Is there any meditation techniques that we can used to manged Bad Temper. As I know it is possible to manage angers by observing it as "feeling angry.., feeling angry!".

However the problem is with the bad temper, sometime it is little bit too late to observer the anger. Any tips to improve the mindfulness to minimise the time gap?

4 Answers 4


I used to have a problem with anger. I have found that mindfulness meditation (in my case, part Samatha and part Vispasana) works well but that the most powerful tool is compassionate meditation, also called Metta meditation.

Here's an example from http://viewonbuddhism.org/Meditations/equanimity_compassion_meditation.html:

Visualise in front of you three persons: at the left a good friend, in the middle a stranger, to the right an enemy or someone you cannot stand.
- Concentrate on the friend in front and examine your feelings towards him or her.
- Now concentrate on the stranger and examine your feelings towards him or her.
- Now concentrate on the enemy and examine your feelings towards him or her.
- Return to the stranger and realise that this person can easily become your friend or enemy in the future.
- Next, look at the friend and realise that this person may become your enemy in the future when cheating or hurting you.
- Now, look at the enemy and realise that this person may become your friend in the future when helping you.
- Again look at your friend and try to strongly feel love and appreciation.
- Now look at the stranger and try to hold this feeling towards this person.
- Again look at your friend and try to strongly feel love and appreciation.
- Now try to hold this feeling while looking at the enemy; is it really impossible to feel some love and compassion for this person?
- Try to realise that all three, friend, stranger and enemy are completely equal in trying to become happy and trying to avoid suffering.

What I personally do is use a Loving Kindness Meditation (LKM):

May you be happy
May you be healthy
May you be safe
May you live with ease

First I focus on a loved one. Then a friend. Then someone I feel neutral about. Then someone I dislike.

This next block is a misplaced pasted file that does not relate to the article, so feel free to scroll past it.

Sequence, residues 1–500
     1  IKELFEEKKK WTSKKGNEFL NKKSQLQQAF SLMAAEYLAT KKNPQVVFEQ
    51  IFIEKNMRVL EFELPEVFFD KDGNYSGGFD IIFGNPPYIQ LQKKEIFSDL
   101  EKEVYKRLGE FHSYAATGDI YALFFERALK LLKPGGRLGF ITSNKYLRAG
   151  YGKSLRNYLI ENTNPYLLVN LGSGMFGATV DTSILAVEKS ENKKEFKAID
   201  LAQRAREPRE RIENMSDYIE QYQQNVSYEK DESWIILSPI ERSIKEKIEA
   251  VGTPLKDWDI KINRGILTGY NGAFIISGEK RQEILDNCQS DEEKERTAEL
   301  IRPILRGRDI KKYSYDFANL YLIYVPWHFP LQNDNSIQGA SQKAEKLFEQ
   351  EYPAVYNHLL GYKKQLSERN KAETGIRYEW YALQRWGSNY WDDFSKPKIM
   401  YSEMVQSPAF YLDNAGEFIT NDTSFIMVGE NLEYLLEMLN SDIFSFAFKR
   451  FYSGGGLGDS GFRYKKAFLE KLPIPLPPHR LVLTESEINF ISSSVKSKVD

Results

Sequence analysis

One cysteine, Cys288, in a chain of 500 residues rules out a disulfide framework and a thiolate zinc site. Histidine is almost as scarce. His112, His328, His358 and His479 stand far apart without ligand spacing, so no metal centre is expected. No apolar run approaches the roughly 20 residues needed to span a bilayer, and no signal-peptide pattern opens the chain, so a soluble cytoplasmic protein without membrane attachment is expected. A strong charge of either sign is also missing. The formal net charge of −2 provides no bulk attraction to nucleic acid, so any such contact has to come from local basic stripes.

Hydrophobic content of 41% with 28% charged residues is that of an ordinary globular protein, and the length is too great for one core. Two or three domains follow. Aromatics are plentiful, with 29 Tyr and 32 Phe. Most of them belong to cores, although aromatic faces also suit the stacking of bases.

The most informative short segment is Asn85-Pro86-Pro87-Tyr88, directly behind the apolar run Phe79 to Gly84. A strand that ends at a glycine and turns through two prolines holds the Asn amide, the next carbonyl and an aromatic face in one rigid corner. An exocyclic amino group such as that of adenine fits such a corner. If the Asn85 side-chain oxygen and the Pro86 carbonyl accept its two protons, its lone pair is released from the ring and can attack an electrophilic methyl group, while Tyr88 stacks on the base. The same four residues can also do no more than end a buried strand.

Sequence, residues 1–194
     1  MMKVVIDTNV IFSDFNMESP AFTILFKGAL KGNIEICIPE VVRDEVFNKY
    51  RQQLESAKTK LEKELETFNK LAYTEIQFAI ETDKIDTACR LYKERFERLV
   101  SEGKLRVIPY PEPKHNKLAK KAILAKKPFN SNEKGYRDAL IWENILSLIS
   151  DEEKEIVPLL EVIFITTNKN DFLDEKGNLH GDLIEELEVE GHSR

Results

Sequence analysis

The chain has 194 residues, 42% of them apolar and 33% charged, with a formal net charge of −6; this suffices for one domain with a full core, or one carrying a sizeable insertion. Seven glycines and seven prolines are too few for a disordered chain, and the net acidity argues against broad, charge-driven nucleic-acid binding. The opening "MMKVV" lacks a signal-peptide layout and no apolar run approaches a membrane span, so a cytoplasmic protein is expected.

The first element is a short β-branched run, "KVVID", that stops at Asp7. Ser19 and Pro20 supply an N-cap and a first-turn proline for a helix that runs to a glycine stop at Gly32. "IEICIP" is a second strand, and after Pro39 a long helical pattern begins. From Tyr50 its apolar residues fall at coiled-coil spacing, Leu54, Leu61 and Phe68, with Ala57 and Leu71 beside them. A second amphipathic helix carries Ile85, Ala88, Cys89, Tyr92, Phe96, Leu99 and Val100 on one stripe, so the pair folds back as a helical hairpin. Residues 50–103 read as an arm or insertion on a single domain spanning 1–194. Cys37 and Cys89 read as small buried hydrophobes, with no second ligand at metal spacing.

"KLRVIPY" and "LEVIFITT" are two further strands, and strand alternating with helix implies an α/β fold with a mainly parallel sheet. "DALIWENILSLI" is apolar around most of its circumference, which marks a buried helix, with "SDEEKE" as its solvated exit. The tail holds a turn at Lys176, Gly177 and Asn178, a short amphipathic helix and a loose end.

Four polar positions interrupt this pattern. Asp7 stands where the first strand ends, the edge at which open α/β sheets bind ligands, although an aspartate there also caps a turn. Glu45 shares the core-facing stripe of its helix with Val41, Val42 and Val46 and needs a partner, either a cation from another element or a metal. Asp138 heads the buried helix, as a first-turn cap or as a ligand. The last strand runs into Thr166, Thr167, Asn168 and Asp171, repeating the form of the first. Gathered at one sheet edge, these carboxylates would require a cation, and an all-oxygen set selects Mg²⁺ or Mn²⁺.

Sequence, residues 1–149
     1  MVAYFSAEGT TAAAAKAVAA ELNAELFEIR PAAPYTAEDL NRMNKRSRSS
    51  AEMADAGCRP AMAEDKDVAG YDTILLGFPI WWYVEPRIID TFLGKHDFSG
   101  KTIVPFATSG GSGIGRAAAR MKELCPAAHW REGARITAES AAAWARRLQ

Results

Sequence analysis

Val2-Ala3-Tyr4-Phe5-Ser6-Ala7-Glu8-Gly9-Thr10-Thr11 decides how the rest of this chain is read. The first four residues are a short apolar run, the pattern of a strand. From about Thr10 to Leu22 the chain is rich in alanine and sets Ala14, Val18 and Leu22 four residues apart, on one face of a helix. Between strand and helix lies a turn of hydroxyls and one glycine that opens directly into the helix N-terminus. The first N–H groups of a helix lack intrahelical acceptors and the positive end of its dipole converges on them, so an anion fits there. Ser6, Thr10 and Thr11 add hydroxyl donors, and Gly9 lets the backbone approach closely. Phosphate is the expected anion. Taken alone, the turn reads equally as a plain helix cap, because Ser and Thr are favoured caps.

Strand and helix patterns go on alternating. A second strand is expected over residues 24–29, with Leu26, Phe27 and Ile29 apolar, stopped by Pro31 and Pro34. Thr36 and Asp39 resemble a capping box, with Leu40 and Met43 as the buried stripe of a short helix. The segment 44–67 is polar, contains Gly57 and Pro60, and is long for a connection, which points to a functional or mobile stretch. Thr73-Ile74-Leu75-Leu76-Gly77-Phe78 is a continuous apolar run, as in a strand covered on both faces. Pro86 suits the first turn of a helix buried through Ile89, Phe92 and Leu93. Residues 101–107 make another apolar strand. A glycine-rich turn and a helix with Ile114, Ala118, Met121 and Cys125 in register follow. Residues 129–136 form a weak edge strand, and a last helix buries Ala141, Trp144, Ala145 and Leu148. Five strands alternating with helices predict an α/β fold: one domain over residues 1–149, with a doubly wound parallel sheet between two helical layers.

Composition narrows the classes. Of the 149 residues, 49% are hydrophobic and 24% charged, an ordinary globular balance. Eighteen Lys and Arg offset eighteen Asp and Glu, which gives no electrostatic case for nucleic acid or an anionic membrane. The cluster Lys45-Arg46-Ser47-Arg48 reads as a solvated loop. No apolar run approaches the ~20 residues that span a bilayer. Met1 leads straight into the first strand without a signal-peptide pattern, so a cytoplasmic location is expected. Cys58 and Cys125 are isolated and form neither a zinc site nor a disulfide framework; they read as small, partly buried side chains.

In the moment if someone is verbally attacking me or being otherwise disquieting I think to myself, "This person is suffering. They think that what they are doing now will ease their suffering. But it won't." And then I do the LKM silently to myself.

And at all times when I am in danger of losing my equanimity I focus on my breath.

Finally, I forgive myself if I fail and get angry. I am not enlightened, I am just another traveler on the path.


Loving kindness or Metta meditation is the one recommended to counter anger. What you are talking about is a Vipassana meditation. Both work! But you need to keep practicing. The more you practice, the quicker you can observe. For me personally, observing the Anatta nature of anger helps to dissipate it fast.

"sometime it is little bit too late to observer the anger" - Even here you can notice Anatta. You are late to notice it, because it came into your mind without your consent. And you can't make it go away just by wishing. It means anger is not a part of you. Because it doesn't behave according to your liking. So, if it has nothing to do with you, why react? Furthermore, anger isn't even it's own self. Because anger cannot arise on it's own. If you saw someone and got angry, that required a functional eye, light hitting the eye, presence of a mind at that moment. Anger couldn't have arisen if any of the 3 was missing.


Samatha calms the mind and its formations. This leads the practitioner to abandoning the five hindrances.

Just note that your mind has wandered as soon as you realize it has happened. With enough practice you will immediately recognize when the mind has wandered to one of the five hindrances. With even more practice the mind will stop wandering. Eventually a practitioner will develop Jhana, the culmination of samatha practice, where they can attain a tranquil state instantly.

It just takes practice and patience.


Kill it. Uproot it from your heart by persistent meditation practice. Do a lot of metta to cleanse your heart from any kind of negative thought.

Having killed what do you sleep in ease? Having killed what do you not grieve? Of the slaying of what one thing does Gotama approve?

[The Buddha:] Having killed anger you sleep in ease. Having killed anger you do not grieve. The noble ones praise the slaying of anger — with its honeyed crest & poison root — for having killed it you do not grieve.

-- Ghatva Sutta

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